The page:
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downcast - 'downcast' EP Review


1. Anthurium

2. Sombre

3. Window Seat

4. 2013

5. I'm Sorry

UK Newcomers downcast will reveal their self-titled debut EP on Friday 11th January 2019. Channelling emotive drive with addictive melodies, downcast wear their hearts on their sleeves. They notably crafted a sound which has influences from Neck Deep, Moose Blood and Alkaline Trio.

downcast were only formed this year, however, the quartet have wasted no time perfecting their set and working tirelessly on their debut EP with revered producer, Ian Sadler (Anavae, ROAM). Lead Vocalist, Liam Edwards comments: “We wrote and demoed the EP in our bedrooms over the course of about five months. I wanted to write something honest...I hope that this EP will resonate with anyone who is going through a hard time and helps them to feel less alone. I’ve used putting my thoughts and feelings into songs as a way of coping with negative emotions for a while now; it gives them a long-term purpose. I feel that negative things in your life often reveal positive meanings over time. If the things I’ve written about never happened, these five songs wouldn’t exist today.”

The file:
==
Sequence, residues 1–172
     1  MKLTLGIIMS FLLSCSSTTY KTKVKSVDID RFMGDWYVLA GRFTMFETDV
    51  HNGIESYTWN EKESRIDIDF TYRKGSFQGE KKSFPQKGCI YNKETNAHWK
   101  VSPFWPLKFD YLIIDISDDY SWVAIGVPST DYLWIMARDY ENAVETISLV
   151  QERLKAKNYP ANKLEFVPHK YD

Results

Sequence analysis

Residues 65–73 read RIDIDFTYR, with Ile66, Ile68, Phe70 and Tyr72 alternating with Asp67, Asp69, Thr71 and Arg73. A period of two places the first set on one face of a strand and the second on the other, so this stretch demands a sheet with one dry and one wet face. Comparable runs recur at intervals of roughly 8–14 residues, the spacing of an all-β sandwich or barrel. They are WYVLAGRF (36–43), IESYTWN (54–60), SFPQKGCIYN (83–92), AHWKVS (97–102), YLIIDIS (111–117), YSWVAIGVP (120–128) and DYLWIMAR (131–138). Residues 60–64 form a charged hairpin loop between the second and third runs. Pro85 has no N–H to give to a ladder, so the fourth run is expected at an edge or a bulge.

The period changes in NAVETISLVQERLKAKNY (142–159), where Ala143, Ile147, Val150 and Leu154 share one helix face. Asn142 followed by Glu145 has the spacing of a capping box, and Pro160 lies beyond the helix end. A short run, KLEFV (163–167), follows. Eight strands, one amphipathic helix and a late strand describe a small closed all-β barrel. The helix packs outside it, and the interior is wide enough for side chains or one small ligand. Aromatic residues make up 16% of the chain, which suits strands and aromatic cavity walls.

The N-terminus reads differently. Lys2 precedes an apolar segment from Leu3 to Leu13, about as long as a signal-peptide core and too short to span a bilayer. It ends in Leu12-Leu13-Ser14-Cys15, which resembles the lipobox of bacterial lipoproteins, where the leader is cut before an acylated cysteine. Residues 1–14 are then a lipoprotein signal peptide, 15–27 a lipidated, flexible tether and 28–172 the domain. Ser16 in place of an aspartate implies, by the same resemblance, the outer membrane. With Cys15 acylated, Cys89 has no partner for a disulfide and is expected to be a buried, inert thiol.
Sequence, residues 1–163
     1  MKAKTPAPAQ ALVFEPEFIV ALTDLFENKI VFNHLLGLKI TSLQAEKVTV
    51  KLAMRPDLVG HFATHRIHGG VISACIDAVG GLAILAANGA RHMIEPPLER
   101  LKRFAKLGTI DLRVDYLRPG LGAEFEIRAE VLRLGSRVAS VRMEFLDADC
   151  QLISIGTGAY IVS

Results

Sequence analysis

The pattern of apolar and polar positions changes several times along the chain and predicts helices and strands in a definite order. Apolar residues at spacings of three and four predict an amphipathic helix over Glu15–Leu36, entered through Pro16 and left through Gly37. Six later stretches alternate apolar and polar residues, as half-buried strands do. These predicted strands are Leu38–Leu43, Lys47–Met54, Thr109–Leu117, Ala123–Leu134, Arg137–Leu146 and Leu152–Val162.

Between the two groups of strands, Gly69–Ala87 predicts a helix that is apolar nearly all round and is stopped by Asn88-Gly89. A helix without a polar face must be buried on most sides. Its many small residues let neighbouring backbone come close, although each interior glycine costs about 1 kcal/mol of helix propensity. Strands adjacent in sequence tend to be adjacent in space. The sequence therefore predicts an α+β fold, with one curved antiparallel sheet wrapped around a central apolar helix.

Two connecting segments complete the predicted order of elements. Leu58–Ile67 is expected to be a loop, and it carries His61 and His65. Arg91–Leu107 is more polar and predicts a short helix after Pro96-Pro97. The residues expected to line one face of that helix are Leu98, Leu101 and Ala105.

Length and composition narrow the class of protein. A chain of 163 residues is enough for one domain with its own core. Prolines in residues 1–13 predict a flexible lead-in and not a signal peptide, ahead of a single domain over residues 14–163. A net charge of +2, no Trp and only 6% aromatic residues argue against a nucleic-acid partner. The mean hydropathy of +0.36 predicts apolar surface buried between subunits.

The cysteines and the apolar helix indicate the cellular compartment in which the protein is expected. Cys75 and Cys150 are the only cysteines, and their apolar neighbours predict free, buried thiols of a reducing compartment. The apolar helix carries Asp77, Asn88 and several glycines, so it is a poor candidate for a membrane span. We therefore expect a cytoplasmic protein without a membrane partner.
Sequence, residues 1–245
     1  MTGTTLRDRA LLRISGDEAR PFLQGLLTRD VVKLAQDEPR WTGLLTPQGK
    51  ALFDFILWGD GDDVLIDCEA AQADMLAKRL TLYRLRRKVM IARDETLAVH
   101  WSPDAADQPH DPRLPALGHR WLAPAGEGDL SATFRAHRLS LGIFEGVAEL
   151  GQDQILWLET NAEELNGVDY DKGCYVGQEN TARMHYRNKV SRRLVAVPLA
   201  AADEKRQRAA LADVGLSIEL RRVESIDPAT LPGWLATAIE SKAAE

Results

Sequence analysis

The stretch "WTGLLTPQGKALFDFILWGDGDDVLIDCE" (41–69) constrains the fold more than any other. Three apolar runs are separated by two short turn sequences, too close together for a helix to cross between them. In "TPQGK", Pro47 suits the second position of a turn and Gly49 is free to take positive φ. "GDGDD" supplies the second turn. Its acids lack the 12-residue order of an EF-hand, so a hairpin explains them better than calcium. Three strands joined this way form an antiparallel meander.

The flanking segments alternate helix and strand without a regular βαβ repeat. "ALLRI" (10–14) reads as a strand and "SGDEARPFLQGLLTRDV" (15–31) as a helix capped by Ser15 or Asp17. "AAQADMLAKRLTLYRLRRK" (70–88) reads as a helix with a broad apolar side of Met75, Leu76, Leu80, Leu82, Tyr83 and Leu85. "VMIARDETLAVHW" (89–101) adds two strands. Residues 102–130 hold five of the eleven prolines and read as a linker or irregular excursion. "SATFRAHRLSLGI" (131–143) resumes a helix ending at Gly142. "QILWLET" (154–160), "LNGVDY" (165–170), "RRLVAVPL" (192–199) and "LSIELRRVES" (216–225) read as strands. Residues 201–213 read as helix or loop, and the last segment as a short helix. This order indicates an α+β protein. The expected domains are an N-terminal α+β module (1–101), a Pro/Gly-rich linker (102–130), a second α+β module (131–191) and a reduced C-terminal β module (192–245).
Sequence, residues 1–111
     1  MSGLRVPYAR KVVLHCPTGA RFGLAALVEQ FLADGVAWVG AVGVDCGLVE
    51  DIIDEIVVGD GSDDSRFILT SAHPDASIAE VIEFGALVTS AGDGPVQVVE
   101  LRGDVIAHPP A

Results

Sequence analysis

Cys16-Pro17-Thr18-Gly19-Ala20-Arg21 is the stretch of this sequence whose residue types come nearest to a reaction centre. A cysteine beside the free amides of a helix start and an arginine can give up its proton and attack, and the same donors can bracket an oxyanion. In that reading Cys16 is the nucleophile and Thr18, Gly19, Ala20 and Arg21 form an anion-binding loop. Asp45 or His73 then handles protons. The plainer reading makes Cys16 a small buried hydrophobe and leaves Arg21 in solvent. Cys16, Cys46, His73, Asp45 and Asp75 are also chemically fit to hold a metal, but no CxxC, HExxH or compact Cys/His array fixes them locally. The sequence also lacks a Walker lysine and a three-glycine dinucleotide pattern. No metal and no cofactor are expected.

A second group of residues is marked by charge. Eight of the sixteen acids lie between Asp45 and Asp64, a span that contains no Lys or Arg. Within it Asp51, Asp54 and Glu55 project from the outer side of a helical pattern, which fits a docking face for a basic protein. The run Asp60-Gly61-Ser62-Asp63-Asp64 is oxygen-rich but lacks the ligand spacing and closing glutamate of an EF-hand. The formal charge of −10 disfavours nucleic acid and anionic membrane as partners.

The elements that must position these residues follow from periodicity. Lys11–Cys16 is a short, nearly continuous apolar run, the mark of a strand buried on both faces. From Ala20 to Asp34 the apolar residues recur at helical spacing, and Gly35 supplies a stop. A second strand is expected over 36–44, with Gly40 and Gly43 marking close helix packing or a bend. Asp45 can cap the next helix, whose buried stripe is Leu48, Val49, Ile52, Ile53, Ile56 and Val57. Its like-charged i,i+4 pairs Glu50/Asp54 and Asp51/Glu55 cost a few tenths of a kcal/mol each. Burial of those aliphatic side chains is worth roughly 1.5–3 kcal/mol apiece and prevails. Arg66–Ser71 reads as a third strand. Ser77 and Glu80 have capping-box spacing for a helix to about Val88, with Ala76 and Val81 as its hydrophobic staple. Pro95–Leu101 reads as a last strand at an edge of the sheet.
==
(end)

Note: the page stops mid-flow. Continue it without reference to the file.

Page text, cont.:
We get into things with first track “Anthurium” - it’s fast tempo places you straight into the fast lane of the EP. The blend of Pop-Punk with deep emotions flows throughout both this song and EP. An outstanding start. It’s already time to slow things down with “Sombre”. An almost Folk feel on the strings, we also get to hear Liams’ voice exposed and it’s prefect. The more I listen to this EP the more and more I enjoy it.

Next up current single “Window Seat” - it’s catchy chorus, bouncy tune, yet dull lyrics showcases downcast. This heartfelt song is my favourite of the EP, those classic Pop-Punk drum patterns make it difficult to not bob your head to this track. “2013” is two minutes and fifty-nine seconds of pure gold, I can imagine a small club room packed jumping around to its funky bass line and screaming chorus.

A toned down downcast flows us into the fifth and final track of the self-titled EP. This is a story we can all relate to, apologises. “I’m Sorry” makes the personal touch of this EP stand out more so - the only way you can understand this song is to sit down and just listen.

This release took a hand full of listens to get into, since then I haven’t stopped listening. downcast have created an EP which is personal, catchy and a sound which they enjoy both playing and listening to.

Review - Jake Williams

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